I made a third attempt for the Beartooth Owl Nest Monday. As I related in a previous story, my first attempt was cut short by a grizzly. After waiting ten days my second try was again thwarted by said grizzly. So I waited five more days and returned once more.
It was high noon when I climbed the steep slope leading to a perch tree I had located my last visit. I figured the nest should be a stone throw from this tree, and if the bear will let me I’ll surely pick it out. I must have been 50 yards below the perch tree when something caught my eye. It didn’t register right away, because I had to back up for a second look. It was just a sliver of silver through the trees. I climbed higher for a better look.
“Hello!” There in an old hawk nest sat a great gray owl! One has to stand just right to gain a hole through thick timber to reveal the nest. She was sleeping, as it was the middle of the day. I’ll return in the morning to check for chicks.
It was 6:30 the next morning when I again stood on the steep slope and trained my lens on the nest. All was quiet and she barely acknowledged my arrival. Around 7am she sat up a little straighter and began whooping softly. She was begging for food. Every now and then the big owl would mix in a high-pitched chirp. After a while I thought I discerned soft peeping.
At 8:30am she suddenly rose up, looked up slope and flew off the nest. Two white fluffy balls were left exposed to the sky. Stretching their tiny wings they began chirping. I could see their eyes were open. I’d say 8-10 days old. Mom soon returned to cover them again. She had been gone 8 minutes.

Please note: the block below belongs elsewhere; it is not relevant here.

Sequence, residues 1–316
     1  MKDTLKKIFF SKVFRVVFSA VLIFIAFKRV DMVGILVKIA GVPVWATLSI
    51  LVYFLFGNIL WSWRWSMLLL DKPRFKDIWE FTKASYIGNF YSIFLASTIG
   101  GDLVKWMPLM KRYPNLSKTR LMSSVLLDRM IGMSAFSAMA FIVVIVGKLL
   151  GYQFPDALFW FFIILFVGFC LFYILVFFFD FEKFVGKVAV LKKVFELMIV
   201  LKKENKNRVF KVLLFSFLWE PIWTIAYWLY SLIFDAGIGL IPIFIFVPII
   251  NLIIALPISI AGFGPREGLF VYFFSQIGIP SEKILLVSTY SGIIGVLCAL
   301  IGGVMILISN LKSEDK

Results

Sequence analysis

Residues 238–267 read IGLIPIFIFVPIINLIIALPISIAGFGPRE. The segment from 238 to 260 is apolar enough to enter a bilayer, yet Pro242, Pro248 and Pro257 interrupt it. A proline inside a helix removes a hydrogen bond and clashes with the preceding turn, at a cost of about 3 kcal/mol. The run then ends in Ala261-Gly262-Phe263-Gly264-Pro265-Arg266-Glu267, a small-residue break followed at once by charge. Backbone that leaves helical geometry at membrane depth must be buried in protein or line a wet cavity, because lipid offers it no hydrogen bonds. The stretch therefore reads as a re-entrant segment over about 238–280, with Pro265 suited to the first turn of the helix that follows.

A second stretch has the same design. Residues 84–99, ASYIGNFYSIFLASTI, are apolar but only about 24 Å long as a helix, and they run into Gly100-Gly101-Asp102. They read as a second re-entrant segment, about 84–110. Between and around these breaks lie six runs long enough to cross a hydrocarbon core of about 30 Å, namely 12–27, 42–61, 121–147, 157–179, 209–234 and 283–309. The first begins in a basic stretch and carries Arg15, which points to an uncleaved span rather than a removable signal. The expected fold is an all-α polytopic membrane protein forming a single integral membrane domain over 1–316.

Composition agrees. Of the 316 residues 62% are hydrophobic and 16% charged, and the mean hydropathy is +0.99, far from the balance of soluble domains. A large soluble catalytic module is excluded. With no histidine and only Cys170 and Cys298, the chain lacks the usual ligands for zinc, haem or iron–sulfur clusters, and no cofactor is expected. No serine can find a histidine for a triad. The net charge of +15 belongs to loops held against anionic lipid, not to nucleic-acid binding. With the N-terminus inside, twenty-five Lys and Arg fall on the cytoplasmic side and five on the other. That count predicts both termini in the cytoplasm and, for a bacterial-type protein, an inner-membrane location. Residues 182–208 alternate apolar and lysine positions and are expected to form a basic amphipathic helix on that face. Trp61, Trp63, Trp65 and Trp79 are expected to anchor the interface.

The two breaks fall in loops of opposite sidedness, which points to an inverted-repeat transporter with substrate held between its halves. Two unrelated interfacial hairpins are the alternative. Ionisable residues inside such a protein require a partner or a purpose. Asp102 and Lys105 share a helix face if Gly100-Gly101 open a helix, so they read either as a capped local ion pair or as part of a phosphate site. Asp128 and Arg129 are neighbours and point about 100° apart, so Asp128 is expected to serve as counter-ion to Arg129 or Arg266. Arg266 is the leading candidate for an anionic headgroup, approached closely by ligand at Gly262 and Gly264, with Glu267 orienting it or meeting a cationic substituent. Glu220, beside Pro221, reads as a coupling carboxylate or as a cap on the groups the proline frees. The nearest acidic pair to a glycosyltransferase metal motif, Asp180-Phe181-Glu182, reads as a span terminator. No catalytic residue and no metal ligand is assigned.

Female owls brood the chicks by themselves, so every now and then she has to leave the nest to regurgitate her pellet and defecate. This keeps odors away from the nest. Quite often they will also bathe, but this she hadn’t done.
Once more she began begging for food. When 9:00 o’clock passed I figured the chance for seeing a feeding was unlikely. I’ve found great grays hunt three hours each side of daylight. It gets light around 6AM, so hunting would probably cease at 9. They will start again around 6PM, as it gets dark around 9PM.
I stayed until 10AM anyway, then gave up and headed down slope. It had been a successful morning as my goal had been to discern the number of chicks and age them. Her leaving the nest to perform her absolutions had given me the opportunity to do just that.
I returned Thursday for another try at a feeding. This time I did not arrive until 7AM. She was already begging for food. The last time she sat parallel to me in the nest, now she sat facing me. As I watched, the chicks pushed their way through their mom’s breast feathers only to disappear again as the chilly air reached them.
The sun popped out for a time and the forest came alive. My first western tanagers of the season passed through the treetops. A male bluebird perched nearby and sang. In the distance, sand hill cranes erupted with their eerie call. I soon found out why when a family of coyotes started yipping from the same area. There is nothing like hanging out at a nest.
Suddenly a loud crash followed by breaking sticks came from the woods 20 yards to my left. I instantly had my pepper spray in my hand, safety off. All was quiet again. I put the bear spray away. The owl stared at the spot for a time then went back to preening.
At 8:30 the great gray got excited and left the nest. The male arrived from upslope and they met on a large branch. I looked at the exposed nest. Three fluffy balls. Three chicks! “How about that!”
One chick was much smaller than the others. This is typical of most great gray nests. Three hatch out but the third rarely survives. I have had a couple nests that fledged three however. I’m pulling for this little fella.
The female returned to the nest carrying some kind of prey and began ripping off small pieces for her excited chicks. Within a few minutes the female gulped down what was left of the carcass and the nest became quiet again.
I left then, excited about the extra chick. The first thing I’ll look for when I return will be that third head.